Mesa to Pitt 2015

Mesa to Pitt 2015

Saturday, October 5, 2013

60 hours of rain, then, Ranier, Oregon to Astoria, Oregon Sept 30

48 miles in about 5 hrs......September 30...... Friday evening, September 27, it began to rain. I had ridden to Oregon,  and Pam came to pick me up and bring me back to Centralia Washington , where the motor home was being worked on. When we got back, the doorstep was fixed, and the rain began falling. This afternoon, right when Pam was dropping me off in Ranier, the rain stopped. It didn't rain off and on for 66 hours, it just rained. Sometimes heavily, sometimes lightly, but it never stopped. Not for 66 hours. Straight. Tornados touched down just up the road from us. Railroad cars were blown off the tracks. Seattle set an all time record for rainfall. It's flooding all around us, as we saw as driving down I-5 from Centralia. Stevens Pass, which I rode through to get to Seattle in the Cascade Mountains, got 22 inches of snow. Mt. Ranier got 34 inches of snow. Holy hell! For the last year, Pam and I have avoided snow, cold, tornados, haboobs, heat waves, and every other type of weather catastrophe. We often have spoken about how lucky we are to always be away from news making weather. Now, we are being repaid! 60 hours of rain! And that was after one nice day preceded by 48 hours of rain in Forks! I have decided that rain will no longer be a deterrent. We've got to get out of here!
     After dealing with the dealer that fixed our doorstep, and stopping for diesel, and driving in a driving rain on I-5, it was about two in the afternoon when it was time to ride. Of course it POURED all the way to Kelso, which made driving quite exciting!  It finally stopped right before we pulled off at Kelso.  We pulled off the interstate in Kelso, Washington, because there is only ONE bridge across the Columbia River. The Lewis and Clark Bridge is where I rode on Friday, but I was happy to go over it again, as Pam went on ahead to find accommodations in Astoria. The sun was actually out, but the roads were still draining from the rain that had just stopped. After getting across the bridge, into Oregon, I picked up US 30 west. The very same US 30 that goes through Pittsburgh. I immediately had a pretty significant climb, up to about  770 ft. That was just the beginning of 48 miles of rolling hills, all the way to Astoria. I basically followed the Columbia River to the Pacific Ocean, but I saw very little of it, as I was in and out of the hills and hollows of Oregon. One cool thing is that I found 90 cents at a viewpoint turnout! What a great day! It stayed dry for about 20 miles, or about two hours, as I climbed and descended on wet roads, through mossy forested hills. The shoulder on US 30 was sufficient, but it was covered with leaves and debris from the previous days storms, including slugs, salamanders, snakes, snails, and frogs, who have been displaced by high water in their homes. Just about every drain was clogged with leaves, because no leaves have fallen off trees on their own yet, but were torn off by the rain. Very few trees have begun to change colors. The shoulders, therefore, never dried out. Riding on wet shoulders make my feet very wet and cold, so today I tried something a little different. I wore a pair of socks, put a Walmart plastic bag over the sock, and put another sock over the Walmart bag. I have tried variations on this method before, but never two pairs of  socks. It worked pretty well for a while, as my feet stayed warm for about three of the five hours. The temperature stayed in the 50's until it started to rain. The last three hours of my ride were spent riding in the rain. The temps fell down to about 48 degrees, and the 15 mph headwind that hadn't really been  bothering me, suddenly got cold. Thank God I pulled out another trick for today. Instead of wearing a plastic pancho to stay dry and wind proof, I broke out the frog togs, which are a  waterproof jacket and long pants which we bought for our trip to the Grand Canyon, and they are really warm. When it started to rain, I put on the jacket, but didn't stop to pull on the pants. My legs didn't really get too cold, but my feet finally did. When I used to run, I didn't wear long pants until the temps went below forty. I guess I'll keep carrying them with me, as we go down the Pacific Coast, just in case it goes down to 39 as I ride.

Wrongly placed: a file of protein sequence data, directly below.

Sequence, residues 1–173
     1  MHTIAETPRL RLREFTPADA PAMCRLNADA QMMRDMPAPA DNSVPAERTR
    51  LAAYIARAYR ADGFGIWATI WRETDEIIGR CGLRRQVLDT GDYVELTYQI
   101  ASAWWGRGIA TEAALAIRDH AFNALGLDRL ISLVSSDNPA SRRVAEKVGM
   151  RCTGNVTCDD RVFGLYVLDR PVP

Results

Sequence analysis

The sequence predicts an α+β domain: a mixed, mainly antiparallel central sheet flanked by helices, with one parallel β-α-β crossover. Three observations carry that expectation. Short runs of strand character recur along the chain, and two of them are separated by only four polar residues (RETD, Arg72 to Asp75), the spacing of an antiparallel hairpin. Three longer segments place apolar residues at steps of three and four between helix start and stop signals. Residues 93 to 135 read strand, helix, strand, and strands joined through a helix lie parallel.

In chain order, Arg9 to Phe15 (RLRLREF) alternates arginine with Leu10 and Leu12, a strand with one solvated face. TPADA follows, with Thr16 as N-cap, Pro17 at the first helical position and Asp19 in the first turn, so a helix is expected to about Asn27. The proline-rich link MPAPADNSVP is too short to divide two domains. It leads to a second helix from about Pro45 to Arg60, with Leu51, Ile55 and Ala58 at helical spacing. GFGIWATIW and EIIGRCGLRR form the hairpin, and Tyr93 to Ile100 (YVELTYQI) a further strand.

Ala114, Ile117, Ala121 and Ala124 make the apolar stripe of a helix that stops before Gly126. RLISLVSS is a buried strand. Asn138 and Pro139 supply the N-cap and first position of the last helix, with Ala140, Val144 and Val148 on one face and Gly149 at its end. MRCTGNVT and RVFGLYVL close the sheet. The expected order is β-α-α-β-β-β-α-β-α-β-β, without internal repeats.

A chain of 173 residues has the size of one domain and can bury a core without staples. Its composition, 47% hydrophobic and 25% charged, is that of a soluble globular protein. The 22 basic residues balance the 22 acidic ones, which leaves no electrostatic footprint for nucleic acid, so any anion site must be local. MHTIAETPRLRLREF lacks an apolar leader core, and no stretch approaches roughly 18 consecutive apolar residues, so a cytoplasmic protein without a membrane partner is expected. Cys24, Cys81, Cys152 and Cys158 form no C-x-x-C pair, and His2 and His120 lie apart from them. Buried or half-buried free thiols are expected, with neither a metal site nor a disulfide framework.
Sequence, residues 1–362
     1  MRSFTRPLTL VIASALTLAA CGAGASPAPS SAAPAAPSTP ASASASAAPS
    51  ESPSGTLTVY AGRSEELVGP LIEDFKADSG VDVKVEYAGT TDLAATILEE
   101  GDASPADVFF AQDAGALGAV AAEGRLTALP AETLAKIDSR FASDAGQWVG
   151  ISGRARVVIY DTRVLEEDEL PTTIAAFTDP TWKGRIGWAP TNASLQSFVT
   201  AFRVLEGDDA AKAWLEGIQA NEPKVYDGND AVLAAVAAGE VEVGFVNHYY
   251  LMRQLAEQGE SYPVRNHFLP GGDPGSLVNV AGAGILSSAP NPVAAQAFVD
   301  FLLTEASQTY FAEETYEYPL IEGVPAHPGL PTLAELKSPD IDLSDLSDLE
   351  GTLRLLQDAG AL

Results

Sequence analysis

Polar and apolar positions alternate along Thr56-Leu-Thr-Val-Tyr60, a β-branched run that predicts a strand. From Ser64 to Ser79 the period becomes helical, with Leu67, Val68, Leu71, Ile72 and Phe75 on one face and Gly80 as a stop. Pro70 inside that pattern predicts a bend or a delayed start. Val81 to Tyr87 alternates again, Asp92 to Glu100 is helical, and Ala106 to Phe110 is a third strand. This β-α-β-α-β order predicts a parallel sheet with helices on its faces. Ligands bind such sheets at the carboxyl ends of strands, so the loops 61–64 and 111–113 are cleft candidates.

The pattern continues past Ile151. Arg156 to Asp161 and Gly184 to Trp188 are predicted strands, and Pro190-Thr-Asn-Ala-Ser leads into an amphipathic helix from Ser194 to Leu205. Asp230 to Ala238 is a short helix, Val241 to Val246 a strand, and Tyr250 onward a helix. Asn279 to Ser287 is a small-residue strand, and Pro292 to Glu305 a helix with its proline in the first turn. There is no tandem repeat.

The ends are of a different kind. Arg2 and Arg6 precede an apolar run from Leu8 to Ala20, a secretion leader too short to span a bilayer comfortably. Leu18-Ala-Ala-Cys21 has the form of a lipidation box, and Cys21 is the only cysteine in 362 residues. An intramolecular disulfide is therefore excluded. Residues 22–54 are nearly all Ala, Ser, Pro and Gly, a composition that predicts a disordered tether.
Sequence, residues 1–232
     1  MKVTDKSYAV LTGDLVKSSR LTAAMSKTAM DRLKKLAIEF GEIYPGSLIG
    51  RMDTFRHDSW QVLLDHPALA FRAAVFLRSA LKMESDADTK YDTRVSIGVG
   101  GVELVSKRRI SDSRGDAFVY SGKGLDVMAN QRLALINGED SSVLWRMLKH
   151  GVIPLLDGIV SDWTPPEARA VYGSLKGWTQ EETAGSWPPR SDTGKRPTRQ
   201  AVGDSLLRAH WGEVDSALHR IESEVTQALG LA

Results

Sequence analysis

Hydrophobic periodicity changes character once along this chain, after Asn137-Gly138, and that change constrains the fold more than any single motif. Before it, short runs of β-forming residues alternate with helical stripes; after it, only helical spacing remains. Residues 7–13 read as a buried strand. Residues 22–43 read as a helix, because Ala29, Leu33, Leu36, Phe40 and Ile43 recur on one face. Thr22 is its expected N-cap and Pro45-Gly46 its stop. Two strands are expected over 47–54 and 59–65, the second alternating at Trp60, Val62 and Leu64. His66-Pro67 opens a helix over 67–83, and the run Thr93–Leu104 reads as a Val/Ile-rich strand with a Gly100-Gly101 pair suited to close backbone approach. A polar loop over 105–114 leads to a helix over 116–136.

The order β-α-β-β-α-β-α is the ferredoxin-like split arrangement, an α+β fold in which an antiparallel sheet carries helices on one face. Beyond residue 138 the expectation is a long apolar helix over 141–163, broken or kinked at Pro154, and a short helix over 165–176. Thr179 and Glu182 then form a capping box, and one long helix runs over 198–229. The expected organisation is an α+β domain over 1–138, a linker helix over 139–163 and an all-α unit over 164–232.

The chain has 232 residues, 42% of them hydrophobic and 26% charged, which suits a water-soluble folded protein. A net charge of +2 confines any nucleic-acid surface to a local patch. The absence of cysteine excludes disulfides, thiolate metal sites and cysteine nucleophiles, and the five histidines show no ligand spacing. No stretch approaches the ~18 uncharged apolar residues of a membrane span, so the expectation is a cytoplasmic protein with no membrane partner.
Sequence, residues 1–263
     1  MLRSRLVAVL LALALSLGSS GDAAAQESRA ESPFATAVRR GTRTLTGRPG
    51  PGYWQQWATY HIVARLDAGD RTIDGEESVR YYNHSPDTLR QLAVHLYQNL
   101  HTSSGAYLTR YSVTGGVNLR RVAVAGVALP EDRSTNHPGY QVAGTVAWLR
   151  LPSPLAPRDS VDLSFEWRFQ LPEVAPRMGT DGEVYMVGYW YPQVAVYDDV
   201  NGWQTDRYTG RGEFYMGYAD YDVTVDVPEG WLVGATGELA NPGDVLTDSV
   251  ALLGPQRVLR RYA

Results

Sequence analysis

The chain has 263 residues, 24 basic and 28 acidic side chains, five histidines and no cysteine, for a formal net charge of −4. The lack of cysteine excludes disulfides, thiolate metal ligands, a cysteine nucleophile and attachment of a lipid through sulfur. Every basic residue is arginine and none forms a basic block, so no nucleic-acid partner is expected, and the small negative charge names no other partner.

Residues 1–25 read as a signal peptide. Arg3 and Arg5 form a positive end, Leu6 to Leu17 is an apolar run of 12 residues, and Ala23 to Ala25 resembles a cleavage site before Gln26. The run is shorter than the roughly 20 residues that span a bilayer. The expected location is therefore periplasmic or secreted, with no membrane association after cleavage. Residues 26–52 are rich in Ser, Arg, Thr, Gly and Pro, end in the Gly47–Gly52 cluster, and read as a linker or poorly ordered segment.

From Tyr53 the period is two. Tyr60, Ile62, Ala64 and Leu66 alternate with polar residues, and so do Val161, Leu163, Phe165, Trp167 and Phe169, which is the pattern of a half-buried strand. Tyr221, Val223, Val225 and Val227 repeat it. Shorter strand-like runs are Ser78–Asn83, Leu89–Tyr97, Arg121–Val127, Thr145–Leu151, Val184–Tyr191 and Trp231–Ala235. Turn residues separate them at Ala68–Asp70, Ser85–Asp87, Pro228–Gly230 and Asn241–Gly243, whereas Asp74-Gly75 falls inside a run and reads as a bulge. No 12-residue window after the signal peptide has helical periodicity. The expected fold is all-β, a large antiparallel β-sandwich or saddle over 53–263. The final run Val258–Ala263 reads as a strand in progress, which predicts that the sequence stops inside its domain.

When I pulled into Astoria, Pam had checked out the town, and our camp sight was on the Columbia River, with ocean going vessels in our back yard, as well as about two dozen sea lions who were sitting on a private dock, and barked the whole night long. It was sort of cool though. When we walked down to see the lions, we saw two guys walking off the dock with a shopping cart full of Albacore Tuna that they had just caught. Welcome back to the Pacific coast!

Looking back down at the Lewis and Clark bridge

That's all logs loaded on the cargo ship!

Our noisy sea lions!  We listened to them all night long!



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